High rates of infant morality meant that the loss of a child was sadly common. Artists were able to capture the likeness of their child, which at times came to seve as a memorial. Allan Ramsay’s portrait of his dead infant son is undoubtedly one of the most poignant images in the collection. His first-born son (also named Allan) died aged fourteen months. None of the children from his first marriage survived into adulthood. Years after the little boy died, Ramsay described to Lady Bute how he had painted his dead son, and ‘while thoroughly occupied thus, felt no more concern than if the subject had been an indifferent one. All grief was gone. But when he laid down his pencil it returned.’ This painting was found among Ramsay’s possessions after his death.
August Sander also chose to record the loss of his child when his wife Anna gave birth to twins. The photograph, which he called ‘My Wife in Joy and Sorrow, 1911’ commemorates a double birth and death: the birth of a daughter Sigrid and the loss of her twin, a son. It offers a stark and direct insight into the photographer’s private life.
The invention of the smartphone means that never in history have we had such ready access to a camera as we do today. Parents and carers can capture a child’s every move. Child photography was not always so easy, as the earliest cameras demanded that people stay still for the long exposure times that were required. As the photographic medium evolved and processes were improved, stiff studio portraits gave way to more spontaneous snapshots of children at play, and even tableaux photography of children ‘set in a scene’.
The American photographer Robert Mapplethorpe became famous, perhaps even notorious, in the 1970s and 1980s for his photographs of the male nude and sexually explicit imagery. But he also took a number of charming photographs of children throughout his career. He cited the nineteenth century photographer Julia Margaret Cameron as one of his main influences. Her work was the first to introduce an intense spirituality to photography, and children were used as an embodiment of innocence.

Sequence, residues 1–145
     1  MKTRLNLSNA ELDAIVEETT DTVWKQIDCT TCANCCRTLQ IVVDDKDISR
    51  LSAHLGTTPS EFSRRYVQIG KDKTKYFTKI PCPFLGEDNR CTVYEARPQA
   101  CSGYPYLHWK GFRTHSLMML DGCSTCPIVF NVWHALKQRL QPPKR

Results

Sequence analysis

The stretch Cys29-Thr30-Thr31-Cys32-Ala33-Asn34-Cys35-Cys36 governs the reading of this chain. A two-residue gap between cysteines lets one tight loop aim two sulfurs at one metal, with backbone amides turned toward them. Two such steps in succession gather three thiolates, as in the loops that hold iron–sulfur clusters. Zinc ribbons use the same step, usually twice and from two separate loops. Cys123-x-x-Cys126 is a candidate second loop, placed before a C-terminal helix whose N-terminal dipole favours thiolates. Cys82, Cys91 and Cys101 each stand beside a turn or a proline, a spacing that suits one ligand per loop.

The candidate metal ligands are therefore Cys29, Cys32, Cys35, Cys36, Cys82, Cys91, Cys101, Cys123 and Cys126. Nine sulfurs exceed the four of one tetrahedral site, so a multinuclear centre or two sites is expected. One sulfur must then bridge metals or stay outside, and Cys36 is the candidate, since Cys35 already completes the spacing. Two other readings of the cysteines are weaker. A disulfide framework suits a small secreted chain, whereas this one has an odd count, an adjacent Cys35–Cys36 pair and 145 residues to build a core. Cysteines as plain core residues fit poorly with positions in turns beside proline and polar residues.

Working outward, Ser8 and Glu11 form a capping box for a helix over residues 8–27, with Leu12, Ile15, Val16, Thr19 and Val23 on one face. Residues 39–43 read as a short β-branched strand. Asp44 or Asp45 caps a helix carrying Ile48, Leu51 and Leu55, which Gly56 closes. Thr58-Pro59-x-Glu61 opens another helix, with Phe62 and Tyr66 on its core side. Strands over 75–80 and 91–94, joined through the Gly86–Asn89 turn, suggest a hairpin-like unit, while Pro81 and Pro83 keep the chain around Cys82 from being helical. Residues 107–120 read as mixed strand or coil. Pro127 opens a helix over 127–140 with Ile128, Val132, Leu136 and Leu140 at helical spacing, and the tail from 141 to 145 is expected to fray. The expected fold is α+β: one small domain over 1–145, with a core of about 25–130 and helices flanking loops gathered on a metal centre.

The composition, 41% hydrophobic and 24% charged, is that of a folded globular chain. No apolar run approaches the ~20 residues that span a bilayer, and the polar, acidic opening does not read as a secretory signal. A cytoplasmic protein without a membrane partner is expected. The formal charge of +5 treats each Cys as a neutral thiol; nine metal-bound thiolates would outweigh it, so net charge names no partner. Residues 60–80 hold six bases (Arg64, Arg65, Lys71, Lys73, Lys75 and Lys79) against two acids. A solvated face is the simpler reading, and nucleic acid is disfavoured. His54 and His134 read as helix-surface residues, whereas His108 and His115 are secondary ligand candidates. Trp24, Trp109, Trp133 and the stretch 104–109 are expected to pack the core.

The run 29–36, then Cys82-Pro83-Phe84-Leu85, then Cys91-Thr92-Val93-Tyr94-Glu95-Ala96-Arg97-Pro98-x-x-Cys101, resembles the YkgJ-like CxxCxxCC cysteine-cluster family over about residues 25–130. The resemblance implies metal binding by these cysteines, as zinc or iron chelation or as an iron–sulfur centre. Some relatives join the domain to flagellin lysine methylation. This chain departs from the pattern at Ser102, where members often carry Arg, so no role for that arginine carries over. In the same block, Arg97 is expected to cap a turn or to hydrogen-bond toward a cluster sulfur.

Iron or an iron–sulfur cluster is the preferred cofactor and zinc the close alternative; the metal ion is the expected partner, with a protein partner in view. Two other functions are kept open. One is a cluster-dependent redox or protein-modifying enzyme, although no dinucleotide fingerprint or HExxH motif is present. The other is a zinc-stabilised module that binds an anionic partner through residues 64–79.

Francine Dunkley explores her own childhood memories with the help of her daughter, Jessica. The photographs have an air of innocence and playfulness that most people associate with childhood. Although Dunkley shows us her daughter at play, she also invites us to peep into her own childhood confirming the notion that 'parents re-live childhood through their own children'.
Photographs of children and childhood provide a fascinating record of how growing up has changed, and how in other ways it has stayed the same. Images of children invariably draw strong reactions depending on their context. Happy famlily portrraits are recognised by some and are alien to those who did not experience such a fortunate start. Pictures of child poverty or distress are particularly harrowing, but the closer these get to the present day, the more disturbing they become.
We inevitably bring our own experiences of childhood as a comparison to images of children. In his enormous 2006 sculpture A Girl, Ron Mueck captured a newly delivered baby at her first glimpse of the world. At over 5 meters in length, he uses scale to bring to the fore both the trauma and the miracle of birth. It is an ordeal which we have all experienced and none can recall, but a necessary part of being alive. For centuries, artists have been transfixed by our mysterious journey through life and all its possibilities. Children are just embarking on theirs, which is perhaps why as adults, images of children gives us pause for thought and self-reflection.